Editor’s Note: Kent Sepkowitz is a CNN medical analyst and a physician and infection control expert at Memorial Sloan Kettering Cancer Center in New York. The views expressed in this commentary are his own. View more opinion at CNN.
After more than half a year of fighting the novel coronavirus, many countries, including the United States, are now experiencing a calamitous upward turn in Covid-19 cases. Last week saw consecutive days of over 50,000 cases nationwide pushing the total number of diagnosed cases over 8 million.
The current surges across the nation, though, are occurring in different areas than the initial spring months of the pandemic, which was most pronounced in large northern cities, or the summer increase among southern states.
According to information from the US Centers of Disease Control and Prevention, the Autumn, 2020 wave of the pandemic is being led by small towns in rural areas.
From the start, Covid-19 data has been tracked according to county population as categorized by the Economic Research Service of the United States Department of Agriculture. The least populous two groups are “micropolitan counties” with 10,000 to 49,999 people and “non-core areas” with fewer than 10,000 people. These less populous counties constitute over 60% of the 3,143 counties in the US, though less than one-sixth of the country’s population.
The CDC data reveals that for the last month, the micropolitan and non-core counties have had a sustained, multiweek run of the highest rate of Covid-19 cases per 100,000 population for the first time in the pandemic. In contrast, the new infection rate for large metropolitan areas, once by far the highest, now is the lowest in the country.
In other words, the current increase in the US Covid-19 pandemic is, for now, being felt most acutely by small-town America. Alarmingly, the death rate per 100,000 people for the “non-core” counties is now the highest in the US.
It is unclear why the pandemic is rising so rapidly in these areas but surely it is not because the rest of the country is “immune:” even in the areas hardest hit in spring and summer, the vast majority of the US population remains susceptible to infection.
Perhaps the adherence to social distancing in rural areas is weaker, given that the population density already is so low. Perhaps there is less belief in masking and other interventions to decrease the risk of viral spread. The role of the ongoing outbreaks across colleges also must be considered since many campuses are in small towns.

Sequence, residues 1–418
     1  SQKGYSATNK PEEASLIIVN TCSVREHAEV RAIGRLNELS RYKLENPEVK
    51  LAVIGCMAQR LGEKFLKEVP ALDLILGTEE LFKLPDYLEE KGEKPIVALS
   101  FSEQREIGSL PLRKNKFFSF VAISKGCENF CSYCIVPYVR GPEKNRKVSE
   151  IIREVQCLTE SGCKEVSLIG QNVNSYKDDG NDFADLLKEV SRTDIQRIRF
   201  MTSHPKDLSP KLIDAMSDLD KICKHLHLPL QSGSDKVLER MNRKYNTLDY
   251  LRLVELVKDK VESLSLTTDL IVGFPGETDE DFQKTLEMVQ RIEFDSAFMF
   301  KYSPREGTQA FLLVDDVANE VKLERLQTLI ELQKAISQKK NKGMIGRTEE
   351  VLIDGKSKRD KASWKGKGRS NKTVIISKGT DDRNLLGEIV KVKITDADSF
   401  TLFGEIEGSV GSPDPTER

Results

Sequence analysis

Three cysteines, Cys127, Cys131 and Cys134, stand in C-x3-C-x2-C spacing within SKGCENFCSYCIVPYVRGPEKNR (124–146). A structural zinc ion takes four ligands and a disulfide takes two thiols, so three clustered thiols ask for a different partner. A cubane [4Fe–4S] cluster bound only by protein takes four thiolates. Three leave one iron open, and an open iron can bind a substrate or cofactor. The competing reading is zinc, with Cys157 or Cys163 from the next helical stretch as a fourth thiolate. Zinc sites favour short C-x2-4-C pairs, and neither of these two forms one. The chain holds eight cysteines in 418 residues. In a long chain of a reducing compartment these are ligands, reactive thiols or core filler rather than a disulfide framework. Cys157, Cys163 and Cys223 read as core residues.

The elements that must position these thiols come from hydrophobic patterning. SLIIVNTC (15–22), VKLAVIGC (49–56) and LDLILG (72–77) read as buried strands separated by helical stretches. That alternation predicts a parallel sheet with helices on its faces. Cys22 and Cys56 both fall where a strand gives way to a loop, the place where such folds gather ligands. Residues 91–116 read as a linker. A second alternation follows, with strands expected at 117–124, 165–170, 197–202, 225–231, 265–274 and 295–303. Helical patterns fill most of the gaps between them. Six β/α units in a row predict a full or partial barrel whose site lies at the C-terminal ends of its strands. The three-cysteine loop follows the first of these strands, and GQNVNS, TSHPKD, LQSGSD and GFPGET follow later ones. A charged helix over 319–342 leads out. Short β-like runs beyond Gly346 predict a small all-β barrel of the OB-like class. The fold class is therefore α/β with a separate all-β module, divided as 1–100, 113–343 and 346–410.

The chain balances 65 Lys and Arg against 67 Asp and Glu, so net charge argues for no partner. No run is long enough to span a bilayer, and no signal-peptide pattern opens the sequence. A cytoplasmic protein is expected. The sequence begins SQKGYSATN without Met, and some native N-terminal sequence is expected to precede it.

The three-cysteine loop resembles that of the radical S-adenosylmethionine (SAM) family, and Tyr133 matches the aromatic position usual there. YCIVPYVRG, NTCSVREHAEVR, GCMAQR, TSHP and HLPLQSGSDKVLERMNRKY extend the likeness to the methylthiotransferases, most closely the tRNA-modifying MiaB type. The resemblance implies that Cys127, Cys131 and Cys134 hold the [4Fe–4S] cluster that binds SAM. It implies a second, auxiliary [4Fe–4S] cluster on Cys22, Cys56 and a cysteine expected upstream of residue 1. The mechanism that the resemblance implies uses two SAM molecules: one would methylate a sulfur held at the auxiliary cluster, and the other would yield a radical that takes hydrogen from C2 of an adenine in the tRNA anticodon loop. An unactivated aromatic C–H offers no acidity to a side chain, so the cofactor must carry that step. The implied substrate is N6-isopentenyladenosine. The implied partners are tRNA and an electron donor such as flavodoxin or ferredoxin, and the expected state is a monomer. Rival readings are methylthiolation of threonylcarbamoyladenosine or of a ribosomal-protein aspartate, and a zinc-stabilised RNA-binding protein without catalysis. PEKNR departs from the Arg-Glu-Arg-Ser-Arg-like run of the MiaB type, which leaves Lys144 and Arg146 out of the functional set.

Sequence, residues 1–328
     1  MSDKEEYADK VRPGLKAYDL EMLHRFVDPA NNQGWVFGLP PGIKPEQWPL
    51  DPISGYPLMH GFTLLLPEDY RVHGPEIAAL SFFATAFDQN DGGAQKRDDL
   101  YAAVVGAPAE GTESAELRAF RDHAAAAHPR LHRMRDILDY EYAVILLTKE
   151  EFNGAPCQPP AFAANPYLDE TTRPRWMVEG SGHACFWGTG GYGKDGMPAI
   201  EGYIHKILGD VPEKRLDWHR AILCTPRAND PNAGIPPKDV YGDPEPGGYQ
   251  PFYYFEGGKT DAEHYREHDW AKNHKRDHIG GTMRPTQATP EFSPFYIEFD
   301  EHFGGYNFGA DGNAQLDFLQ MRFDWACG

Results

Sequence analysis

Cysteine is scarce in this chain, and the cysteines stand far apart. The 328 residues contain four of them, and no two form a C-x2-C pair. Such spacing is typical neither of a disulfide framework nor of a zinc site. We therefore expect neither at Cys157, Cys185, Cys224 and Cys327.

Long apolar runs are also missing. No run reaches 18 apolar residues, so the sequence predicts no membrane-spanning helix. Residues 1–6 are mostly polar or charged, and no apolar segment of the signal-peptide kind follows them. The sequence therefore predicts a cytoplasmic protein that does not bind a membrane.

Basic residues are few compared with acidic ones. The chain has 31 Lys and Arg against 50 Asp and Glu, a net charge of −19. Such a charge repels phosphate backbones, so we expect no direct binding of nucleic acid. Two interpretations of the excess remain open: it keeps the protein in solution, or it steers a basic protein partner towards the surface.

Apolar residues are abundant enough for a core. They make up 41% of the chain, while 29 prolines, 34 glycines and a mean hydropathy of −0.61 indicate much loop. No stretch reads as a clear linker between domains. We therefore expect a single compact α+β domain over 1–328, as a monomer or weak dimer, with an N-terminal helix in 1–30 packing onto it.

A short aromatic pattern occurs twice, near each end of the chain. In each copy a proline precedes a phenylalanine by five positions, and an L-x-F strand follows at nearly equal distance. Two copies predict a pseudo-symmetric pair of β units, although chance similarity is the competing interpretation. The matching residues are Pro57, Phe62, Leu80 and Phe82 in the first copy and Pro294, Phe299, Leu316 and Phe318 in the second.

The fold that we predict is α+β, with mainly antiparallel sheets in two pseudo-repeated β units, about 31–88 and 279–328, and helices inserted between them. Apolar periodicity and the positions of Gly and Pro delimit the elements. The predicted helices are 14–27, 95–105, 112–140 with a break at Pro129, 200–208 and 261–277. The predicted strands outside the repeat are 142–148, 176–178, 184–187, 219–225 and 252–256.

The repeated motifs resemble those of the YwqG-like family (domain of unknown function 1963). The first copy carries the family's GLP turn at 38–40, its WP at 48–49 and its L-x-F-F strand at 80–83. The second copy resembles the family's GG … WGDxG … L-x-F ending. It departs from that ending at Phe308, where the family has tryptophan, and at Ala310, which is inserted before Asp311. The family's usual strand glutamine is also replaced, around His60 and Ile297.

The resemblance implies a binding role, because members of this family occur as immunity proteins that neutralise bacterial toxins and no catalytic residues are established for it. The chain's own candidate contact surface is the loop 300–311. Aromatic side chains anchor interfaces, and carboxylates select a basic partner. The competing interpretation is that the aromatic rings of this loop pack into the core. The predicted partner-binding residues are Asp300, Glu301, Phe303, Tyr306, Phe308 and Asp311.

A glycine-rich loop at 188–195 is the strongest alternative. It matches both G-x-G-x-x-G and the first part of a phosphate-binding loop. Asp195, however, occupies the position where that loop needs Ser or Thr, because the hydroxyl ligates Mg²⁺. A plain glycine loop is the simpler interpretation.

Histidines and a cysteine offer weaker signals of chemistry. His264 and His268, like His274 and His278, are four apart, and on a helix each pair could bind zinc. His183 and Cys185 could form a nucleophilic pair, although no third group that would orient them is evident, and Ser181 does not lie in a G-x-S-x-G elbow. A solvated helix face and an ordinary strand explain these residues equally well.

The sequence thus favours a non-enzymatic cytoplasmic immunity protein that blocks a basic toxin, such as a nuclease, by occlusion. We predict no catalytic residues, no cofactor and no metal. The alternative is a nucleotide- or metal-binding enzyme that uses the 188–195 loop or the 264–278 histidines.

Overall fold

Another plausible explanation is the impact of the extensive network of correctional facilities in sparsely-populated areas throughout the country. In many small US towns, a correctional facility is a key local employer.
The correctional facility outbreaks in the state of Oklahoma are representative. More than 15,000 prisoners are incarcerated in the state’s 32 Covid-19-affected facilities. According to the CDC, as of Tuesday, 4,597 inmates have developed Covid-19 and 22 have died in Oklahoma. In addition, 105 detention facility staff members have been infected. In the last month, many facilities have seen a substantial rise in cases.
The largest outbreaks to date have occurred at the Eddie Warrior Correctional Facility, a woman’s minimum-security facility in tiny Taft, Oklahoma, where 781 of the more than 900 prisoners developed Covid-19 and at least one died and, across the state, in the William S. Key Correctional Center in the even tinier town of Fort Supply, Oklahoma, where there have been at least 900 positive Covid-19 tests among inmates, though most of the infected individuals have since recovered.
That’s not all: in September, Craig County, home to the Northeast Oklahoma Corrections Center, had an outbreak affecting almost half of the prisoners, and at one point ranked as the county with the second highest new infection rate in the country.
This phenomenon is occurring in other states. Toole county in Montana, home of Crossroads Correctional Center, spent time in the first half of October at or near the top of the same New York Times’ hot-spot list and Bon Homme County in South Dakota, where Mike Durfee State Prison has a Covid-19 test positivity rate of 85%, sits near the top of the list now.
The national impact is alarming. The incarcerated population in the US is over 2 million with an additional 423,050 correctional staff. The CDC reports that, as of Sunday, 1,302 correctional facilities in the US have diagnosed 154,398 cases among residents with 1,151 deaths and 33,459 cases among staff, including 59 fatalities.
The specifics of prison life make this not just a humanitarian but an epidemiologic crisis. Many prisons are overcrowded, provide uneven access to medical care, lack capacity to isolate, and are the object of societal neglect. In addition, prison employees may both introduce infection to the facilities or else catch Covid-19 at work and bring it into the community.
The current spike of Covid-19 cases in small, sparsely populated areas is evidence of the interconnectedness of communities, which makes the spread of this contagious respiratory virus an easy piece of business. Surely new investigations will lead to new guidelines and this latest pandemic wrinkle will come under better control, though probably later rather than sooner.
But the endless stream of outbreaks here, there, and everywhere will not stop until we have an actual evidence-based, thoughtfully enforced national plan to reduce spread at places – prisons, nursing homes, meatpacking facilities, schools, stadiums, political rallies – where people gather.
Until then, we should anticipate that every few months will just be déjà vu all over again.